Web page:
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Mainstreaming the environment in humanitarian action - rising to the challenge

Key word: Environment /

Humanitarian action takes place in environments that have been weakened and often stretched beyond their capacity for resilience. With protracted crises becoming more and more common, the humanitarian community has understood that preserving the environment during operations is essential to allow crisis victims to regain their autonomy and to avoid serious negative consequences for the local population.

Humanitarian actors, therefore, need to know about:

  • the types of environmental vulnerability which exist in operational contexts and what effects humanitarian programmes have on these;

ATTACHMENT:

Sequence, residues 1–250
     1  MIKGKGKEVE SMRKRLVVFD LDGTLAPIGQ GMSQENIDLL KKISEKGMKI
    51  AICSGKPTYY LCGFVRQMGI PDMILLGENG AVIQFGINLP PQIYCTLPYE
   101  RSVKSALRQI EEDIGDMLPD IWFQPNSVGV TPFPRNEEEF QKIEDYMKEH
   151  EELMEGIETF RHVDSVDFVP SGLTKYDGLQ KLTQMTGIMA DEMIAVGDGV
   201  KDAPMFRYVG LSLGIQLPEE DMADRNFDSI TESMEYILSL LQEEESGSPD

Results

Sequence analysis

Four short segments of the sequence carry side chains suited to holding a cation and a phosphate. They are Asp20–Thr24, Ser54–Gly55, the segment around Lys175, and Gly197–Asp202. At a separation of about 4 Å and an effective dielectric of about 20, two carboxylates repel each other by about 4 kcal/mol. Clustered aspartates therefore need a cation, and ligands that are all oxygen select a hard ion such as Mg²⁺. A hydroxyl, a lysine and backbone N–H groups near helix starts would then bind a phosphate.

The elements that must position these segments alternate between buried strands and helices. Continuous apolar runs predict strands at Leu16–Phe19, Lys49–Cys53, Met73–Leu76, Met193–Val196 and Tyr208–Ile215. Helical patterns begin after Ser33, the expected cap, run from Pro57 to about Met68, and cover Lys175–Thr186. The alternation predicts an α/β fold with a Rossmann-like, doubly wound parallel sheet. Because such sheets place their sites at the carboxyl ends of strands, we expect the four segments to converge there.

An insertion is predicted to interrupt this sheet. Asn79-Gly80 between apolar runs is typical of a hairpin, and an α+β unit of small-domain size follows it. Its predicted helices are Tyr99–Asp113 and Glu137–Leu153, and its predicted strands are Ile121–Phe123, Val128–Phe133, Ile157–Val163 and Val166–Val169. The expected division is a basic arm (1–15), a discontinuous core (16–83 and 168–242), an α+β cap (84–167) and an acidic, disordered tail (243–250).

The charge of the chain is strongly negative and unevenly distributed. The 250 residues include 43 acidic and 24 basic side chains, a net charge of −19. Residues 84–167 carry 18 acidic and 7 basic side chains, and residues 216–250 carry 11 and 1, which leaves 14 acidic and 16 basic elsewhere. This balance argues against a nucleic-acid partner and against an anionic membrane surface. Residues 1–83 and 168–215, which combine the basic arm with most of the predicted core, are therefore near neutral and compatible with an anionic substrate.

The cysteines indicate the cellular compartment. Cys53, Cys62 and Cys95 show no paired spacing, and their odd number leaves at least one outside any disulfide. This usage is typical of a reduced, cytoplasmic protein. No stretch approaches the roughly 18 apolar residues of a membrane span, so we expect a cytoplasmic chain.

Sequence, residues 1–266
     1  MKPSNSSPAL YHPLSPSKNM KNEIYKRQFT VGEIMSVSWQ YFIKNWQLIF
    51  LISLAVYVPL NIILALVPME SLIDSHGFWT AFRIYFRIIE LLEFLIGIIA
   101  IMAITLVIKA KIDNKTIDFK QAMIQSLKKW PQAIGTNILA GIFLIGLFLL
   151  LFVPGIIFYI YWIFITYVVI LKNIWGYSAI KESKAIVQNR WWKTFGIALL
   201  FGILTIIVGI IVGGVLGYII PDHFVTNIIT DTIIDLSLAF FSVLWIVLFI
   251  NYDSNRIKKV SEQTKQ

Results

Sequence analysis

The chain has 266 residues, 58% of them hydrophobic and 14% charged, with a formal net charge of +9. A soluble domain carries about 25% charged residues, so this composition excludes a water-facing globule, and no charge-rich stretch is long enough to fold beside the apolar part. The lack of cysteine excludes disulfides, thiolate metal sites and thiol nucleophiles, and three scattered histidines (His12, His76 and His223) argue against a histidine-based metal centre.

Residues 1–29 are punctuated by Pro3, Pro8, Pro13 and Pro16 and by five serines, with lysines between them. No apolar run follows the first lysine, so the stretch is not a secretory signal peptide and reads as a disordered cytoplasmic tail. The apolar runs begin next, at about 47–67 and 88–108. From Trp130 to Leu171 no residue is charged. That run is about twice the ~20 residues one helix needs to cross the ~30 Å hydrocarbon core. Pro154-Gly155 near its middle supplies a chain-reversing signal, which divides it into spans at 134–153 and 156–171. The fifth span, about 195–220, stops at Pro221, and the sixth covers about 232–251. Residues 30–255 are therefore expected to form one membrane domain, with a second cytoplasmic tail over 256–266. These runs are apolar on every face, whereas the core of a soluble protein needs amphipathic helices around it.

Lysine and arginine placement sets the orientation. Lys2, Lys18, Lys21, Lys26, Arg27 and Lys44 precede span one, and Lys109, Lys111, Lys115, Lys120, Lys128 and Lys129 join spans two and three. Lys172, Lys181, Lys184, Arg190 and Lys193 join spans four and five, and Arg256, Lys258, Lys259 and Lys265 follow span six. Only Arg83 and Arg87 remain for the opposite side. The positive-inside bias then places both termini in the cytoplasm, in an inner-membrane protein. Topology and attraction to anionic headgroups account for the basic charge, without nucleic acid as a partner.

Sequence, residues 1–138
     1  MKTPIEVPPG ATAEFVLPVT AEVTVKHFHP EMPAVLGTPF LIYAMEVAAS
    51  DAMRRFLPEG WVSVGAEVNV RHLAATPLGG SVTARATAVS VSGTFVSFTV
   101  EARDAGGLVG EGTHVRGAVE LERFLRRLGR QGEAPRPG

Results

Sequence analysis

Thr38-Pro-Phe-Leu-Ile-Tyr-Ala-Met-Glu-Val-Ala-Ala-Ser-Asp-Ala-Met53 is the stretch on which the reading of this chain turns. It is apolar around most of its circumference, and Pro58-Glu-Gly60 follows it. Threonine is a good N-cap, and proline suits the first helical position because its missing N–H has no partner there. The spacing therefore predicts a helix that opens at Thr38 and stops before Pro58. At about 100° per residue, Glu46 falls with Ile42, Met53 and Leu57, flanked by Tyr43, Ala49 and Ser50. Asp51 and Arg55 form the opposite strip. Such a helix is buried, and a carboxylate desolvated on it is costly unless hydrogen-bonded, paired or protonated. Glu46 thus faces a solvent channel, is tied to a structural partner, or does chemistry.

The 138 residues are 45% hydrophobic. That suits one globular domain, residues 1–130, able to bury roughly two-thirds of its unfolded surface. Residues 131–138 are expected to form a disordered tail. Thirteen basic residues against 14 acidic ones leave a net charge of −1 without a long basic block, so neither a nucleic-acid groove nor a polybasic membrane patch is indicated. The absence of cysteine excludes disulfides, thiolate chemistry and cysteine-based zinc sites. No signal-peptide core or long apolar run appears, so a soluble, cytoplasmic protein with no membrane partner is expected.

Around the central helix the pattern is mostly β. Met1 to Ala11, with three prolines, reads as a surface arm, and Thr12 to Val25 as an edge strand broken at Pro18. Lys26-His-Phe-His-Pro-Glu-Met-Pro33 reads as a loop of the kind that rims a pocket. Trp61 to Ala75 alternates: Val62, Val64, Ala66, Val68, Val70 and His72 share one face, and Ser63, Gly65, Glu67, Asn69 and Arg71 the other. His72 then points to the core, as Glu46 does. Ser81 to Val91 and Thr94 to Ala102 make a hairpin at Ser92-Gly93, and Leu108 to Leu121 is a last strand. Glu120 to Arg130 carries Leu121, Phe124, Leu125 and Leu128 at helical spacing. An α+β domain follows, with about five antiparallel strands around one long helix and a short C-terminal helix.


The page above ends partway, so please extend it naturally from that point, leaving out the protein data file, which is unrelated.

• how to take the environment into account in the design and implementation of programmes;
  • the methods and technical solutions which exist.

These are the issues that we dealt with at the 2009 Autumn School on Humanitarian Aid. We looked at what is currently being done to reduce the environmental impact of humanitarian action and explored methodological and technical ideas for taking the environment into account as well as the constraints that exist.
The ‘Open Space’ method, an approach which encourages creativity, collaboration and personal commitment, was used during the two and half days of exchange.

In addition to the debates, there were practical demonstrations of technical solutions such as solar cookers (Tchad Solaire), compost toilets (Toilettes Du Monde), carbon compensation programmes (Geres - Co2 Solidaire), solar cells (Soltys), domestic wind turbines (Tripalium) and compressed earth blocks (Terrabitat).